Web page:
It is stunning to me, and I’m a computer geek, how quickly we’ve entered into a complete surveillance state. Even more surprising is how it’s occurred without any discussion, controversy or even any general awareness.
Cell phones, beyond giving large corporations and governments knowledge of our conversations and messages (often without warrants), are also perfect tracking devices detailing our location and movement at all times. And we happily carry these tracking devices with us everywhere.
Google and other sites monitor our every move on the internet. Facebook, in fact, monitors users across the web even if they are not on the Facebook site, nor logged in, even if they aren’t Facebook users.
Government agencies all across the globe are accessing all this cell phone, email, internet, and other electronic data without any warrants or probable cause. For example, according to the NY Times the NSA collects and stores 1.7 billion emails, telephone calls and other forms of electronic communications by and between American citizens every day.
A leading computer security expert, Bruce Schneier, blankly states: “All of us [are] being watched, all the time, and that data [is] being stored forever. This is what a surveillance state looks like, and it’s efficient beyond the wildest dreams of George Orwell.” Read his entire post for a brilliant summary of the situation.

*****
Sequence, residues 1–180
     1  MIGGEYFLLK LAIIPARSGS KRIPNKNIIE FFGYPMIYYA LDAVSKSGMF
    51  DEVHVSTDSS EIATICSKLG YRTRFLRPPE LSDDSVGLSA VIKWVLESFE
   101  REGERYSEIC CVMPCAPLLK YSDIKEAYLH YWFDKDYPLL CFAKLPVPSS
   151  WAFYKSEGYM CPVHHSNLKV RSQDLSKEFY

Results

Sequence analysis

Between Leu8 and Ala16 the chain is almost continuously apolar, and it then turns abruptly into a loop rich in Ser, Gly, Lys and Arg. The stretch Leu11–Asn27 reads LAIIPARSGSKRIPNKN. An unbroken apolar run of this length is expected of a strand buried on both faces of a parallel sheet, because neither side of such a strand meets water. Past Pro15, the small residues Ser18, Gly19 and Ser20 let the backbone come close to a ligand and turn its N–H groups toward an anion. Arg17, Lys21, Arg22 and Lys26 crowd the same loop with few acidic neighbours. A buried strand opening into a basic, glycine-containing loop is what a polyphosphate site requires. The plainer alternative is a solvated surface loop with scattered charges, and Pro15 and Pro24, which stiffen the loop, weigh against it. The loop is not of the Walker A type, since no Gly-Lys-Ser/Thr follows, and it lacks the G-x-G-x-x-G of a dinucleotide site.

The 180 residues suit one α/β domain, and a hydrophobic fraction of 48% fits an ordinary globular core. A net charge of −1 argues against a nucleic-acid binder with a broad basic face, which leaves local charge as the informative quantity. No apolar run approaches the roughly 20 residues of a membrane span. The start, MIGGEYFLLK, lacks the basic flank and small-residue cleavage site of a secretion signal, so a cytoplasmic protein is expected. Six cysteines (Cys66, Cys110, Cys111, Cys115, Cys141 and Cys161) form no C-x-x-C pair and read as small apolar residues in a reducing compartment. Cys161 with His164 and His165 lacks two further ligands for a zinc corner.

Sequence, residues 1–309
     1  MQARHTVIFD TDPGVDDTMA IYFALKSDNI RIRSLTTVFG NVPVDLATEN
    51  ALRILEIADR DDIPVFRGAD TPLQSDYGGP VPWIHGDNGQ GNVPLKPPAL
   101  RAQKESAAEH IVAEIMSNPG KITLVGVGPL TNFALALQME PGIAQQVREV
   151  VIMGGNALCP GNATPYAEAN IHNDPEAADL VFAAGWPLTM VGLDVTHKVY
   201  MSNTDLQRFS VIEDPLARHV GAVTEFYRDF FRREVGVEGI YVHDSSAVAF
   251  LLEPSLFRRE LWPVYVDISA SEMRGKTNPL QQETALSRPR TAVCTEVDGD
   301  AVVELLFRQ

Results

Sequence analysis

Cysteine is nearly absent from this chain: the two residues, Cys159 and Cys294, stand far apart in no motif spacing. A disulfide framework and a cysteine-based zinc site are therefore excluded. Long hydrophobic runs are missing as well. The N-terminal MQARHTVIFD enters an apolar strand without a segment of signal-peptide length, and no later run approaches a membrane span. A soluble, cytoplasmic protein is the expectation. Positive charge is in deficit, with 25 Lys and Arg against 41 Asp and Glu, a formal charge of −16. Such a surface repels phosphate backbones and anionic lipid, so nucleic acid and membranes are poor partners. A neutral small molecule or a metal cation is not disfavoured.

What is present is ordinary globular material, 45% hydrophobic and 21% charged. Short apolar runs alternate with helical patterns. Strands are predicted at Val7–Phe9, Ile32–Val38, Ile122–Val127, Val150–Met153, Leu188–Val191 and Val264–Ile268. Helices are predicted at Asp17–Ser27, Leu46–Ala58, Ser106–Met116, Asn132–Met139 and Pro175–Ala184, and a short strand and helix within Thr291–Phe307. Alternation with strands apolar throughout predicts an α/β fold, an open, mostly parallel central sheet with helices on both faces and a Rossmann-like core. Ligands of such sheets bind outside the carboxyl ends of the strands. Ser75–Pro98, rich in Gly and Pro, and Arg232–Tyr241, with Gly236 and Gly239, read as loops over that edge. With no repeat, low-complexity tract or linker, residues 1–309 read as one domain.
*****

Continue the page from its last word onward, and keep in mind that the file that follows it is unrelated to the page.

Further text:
Let me close from a quote from Constitutional lawyer Glenn Greenwald speaking on Bill Moyer’s April 26, 2013 show
“The surveillance state, this massive apparatus… that is extremely expensive and invasive… doesn’t really do much in terms of giving us lots of security. But what it does do is it destroys the notion of privacy…
The way things are supposed to work is we’re supposed to know everything the government does, with rare exception, that’s why they are called ‘the public sector’.
And they’re supposed to know almost nothing about us, which is why we’re private individuals, unless there is evidence we have committed a crime.
This has been completely reversed, so that we know almost nothing about what the government does. It operates behind this impenetrable wall of secrecy, while they know everything about what it is we’re doing, with whom we’re speaking and communicating, what we’re reading.
This imbalance, this reversal of transparency and secrecy… has really altered the relationship between the citizenry and the government in very profound ways.”
That’s putting it mildly.
* Quote from Ovid meaning something along the lines of “One who lives well, lives unnoticed”. This life, my friends, is no longer possible.